I’ve been thinking about a chariot period project for a while and have been toying with the idea of something about the Sea Peoples. Then I saw three armies painted by Silurian Wargames Limited: Sea Peoples, Hittite Empire and New Kingdom Egyptian. I couldn’t resist. So yet another project starts.
Chris Harrod and I played two games of Big Base DBA set in the Roman conquest of Iberia. So Polybian Roman with Spanish allies against an Iberian army with Celtiberian mercenaries. In the first game, as the Spanish defender, I fielded my newly painted Built-up-Area (BUA). Quite pretty it is too – but it does pose quite a lot of challenges for both sides. We liked the first game so much we played the game a second time but swapped sides.
I quite like the Alternative Chacabuco scenario from Fletcher (2006). It isn’t historical but it is small and reasonably balanced so is a good choice to try out a new set of rules. As it happens I’ve been wanting to try out March Attack by Crusader Games for a while so once again Chris Harrod and I faced each other around Chacabuco Farm. Chris was the Royalists / Spanish. I was the Patriots / Argentineans. It was the first outing of my Liberators armies now they are all on Big Bases.
I’ll describe the battle and then make some observations on the game, March Attack and the scenario. The summary about March Attack is that the rules are optimised for Corps level actions and hence gloss over of details at the level of the manoeuvre unit (battalion, regiment). That speeds up the rules but at the cost of flavour that is significant for the small South American Wars.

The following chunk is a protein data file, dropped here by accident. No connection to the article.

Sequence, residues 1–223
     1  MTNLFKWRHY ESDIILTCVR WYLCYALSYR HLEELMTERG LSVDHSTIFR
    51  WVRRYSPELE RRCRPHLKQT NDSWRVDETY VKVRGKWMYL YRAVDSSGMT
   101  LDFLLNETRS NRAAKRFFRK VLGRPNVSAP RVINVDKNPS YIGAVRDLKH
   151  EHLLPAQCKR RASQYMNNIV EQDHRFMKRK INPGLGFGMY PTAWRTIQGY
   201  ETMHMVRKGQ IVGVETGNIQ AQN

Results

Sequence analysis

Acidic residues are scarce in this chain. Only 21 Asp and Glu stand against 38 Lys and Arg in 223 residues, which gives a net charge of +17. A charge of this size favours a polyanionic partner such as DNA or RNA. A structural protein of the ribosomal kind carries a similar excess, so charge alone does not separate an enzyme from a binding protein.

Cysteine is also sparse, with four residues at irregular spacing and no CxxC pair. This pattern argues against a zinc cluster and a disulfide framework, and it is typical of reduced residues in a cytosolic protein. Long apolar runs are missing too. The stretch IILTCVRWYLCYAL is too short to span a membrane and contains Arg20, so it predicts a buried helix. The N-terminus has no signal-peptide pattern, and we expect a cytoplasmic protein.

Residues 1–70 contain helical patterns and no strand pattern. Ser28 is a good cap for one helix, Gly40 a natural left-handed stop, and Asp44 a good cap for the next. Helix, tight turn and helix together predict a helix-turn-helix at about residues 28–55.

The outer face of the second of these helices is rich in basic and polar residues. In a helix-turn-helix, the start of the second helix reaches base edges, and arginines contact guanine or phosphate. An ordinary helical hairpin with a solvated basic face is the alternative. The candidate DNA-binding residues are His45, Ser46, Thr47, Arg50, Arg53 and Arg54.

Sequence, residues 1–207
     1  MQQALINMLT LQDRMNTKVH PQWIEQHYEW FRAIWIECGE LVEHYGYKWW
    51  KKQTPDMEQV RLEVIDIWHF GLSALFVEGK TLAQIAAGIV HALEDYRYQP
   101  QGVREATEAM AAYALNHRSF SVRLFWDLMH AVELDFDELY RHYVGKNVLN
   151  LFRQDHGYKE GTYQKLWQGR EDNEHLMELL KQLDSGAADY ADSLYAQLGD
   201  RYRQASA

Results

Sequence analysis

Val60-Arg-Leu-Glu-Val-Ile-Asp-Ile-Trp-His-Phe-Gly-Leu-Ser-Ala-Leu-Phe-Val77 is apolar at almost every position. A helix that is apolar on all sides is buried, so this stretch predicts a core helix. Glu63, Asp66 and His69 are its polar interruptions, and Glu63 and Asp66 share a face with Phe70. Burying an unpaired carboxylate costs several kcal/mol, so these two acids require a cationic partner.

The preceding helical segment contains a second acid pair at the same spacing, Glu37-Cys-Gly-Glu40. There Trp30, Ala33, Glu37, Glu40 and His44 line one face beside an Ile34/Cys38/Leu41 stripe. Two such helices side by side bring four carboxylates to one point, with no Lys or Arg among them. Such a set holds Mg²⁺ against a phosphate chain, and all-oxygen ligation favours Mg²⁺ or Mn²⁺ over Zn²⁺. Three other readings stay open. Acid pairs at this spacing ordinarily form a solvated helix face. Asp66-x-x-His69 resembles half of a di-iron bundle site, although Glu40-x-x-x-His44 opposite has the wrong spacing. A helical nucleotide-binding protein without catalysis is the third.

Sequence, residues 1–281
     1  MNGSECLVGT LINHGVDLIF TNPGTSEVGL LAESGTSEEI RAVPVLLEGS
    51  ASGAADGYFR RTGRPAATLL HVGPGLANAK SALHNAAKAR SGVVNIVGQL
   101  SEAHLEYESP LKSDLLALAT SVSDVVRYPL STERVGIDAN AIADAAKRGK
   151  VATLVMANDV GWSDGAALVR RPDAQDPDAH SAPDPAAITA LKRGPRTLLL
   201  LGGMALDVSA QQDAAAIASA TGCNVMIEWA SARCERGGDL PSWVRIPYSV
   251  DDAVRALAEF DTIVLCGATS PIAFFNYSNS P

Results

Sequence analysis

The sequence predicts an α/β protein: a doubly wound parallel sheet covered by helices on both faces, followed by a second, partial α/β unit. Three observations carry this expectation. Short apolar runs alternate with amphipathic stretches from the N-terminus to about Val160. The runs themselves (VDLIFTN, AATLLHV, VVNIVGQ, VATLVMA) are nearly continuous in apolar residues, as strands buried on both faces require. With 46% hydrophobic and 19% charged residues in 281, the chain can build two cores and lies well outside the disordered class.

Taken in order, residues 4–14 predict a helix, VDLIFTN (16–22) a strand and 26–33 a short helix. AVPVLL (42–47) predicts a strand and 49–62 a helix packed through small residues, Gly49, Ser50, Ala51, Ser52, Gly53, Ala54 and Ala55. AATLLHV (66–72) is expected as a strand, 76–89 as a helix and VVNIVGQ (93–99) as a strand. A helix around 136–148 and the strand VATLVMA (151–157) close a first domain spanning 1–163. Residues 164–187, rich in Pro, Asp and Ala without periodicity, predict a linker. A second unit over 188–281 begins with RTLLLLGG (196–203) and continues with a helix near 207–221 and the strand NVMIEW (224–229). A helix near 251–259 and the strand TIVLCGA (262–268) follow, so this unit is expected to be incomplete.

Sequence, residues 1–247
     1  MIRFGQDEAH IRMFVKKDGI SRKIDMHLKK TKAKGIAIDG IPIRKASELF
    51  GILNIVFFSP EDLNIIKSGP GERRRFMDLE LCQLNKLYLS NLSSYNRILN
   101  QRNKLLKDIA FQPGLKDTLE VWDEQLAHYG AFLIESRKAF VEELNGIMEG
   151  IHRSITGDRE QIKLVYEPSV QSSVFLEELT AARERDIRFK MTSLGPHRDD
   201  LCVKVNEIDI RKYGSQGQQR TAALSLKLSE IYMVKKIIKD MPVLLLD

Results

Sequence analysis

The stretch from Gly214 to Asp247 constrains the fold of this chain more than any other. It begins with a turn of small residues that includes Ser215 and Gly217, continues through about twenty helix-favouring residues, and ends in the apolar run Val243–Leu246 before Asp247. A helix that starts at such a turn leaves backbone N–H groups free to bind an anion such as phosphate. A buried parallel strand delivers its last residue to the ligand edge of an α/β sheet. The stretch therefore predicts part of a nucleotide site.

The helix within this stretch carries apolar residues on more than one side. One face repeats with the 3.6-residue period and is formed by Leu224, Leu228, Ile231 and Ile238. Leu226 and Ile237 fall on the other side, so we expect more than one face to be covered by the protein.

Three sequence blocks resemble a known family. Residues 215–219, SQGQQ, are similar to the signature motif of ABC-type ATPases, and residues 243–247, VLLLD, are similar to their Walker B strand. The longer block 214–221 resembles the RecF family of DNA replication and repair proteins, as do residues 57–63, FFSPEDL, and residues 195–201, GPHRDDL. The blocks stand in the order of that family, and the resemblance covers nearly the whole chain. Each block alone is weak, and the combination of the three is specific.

Lately I’ve been thinking about how to apply my Twilight of the Sun-King rules outside of the War of Spanish Succession. I’ve also recently developed a preference for big bases. It happens that this battle report by Tom Loback and Vincent Tsao, submitted on the Yahoo Forum, combines both. It applies a variant of Twilight of the Sun-King rules to a Medieval setting, the Battle of Hastings in 1066 AD, using units that are effectively big bases comprising four DBx elements in a group. I’ve put the battle report together with the photos. Both words and photos are Vincent’s.
I asked my mate Roland why he likes Volley & Bayonet (V&B). The summary is:
If genius is defined as the ability to make the very complicated seem very simple then I am tempted to call V&B genius.
Roland then expanded on that. All the words are his. I’ve also dropped in some photos of Roland’s figures.
Andrew Coleby and I had a go at Big Base DBA. Andrew took Carthaginians and I took Polybian Roman. Andrew won – those pesky Gauls cut through my Legionnaires (again). Aside from being a good game it also proved the concept of Big Base DBA, i.e. big bases with lots of figures, big table, but using standard DBA.
Volley & Bayonet has big bases. Pretty much all troops are based on 3″ x 3″ bases; you can have any number of figures you want of any scale. I recently rebased my Peninsular War figures on big bases. I wanted to leave myself options so I effectively went for half size V&B bases. Each of my bases is 80mm wide by 40mm deep and . gets six cavalry or 12 infantry. Two of these, one behind the other, is a V&B brigade stand.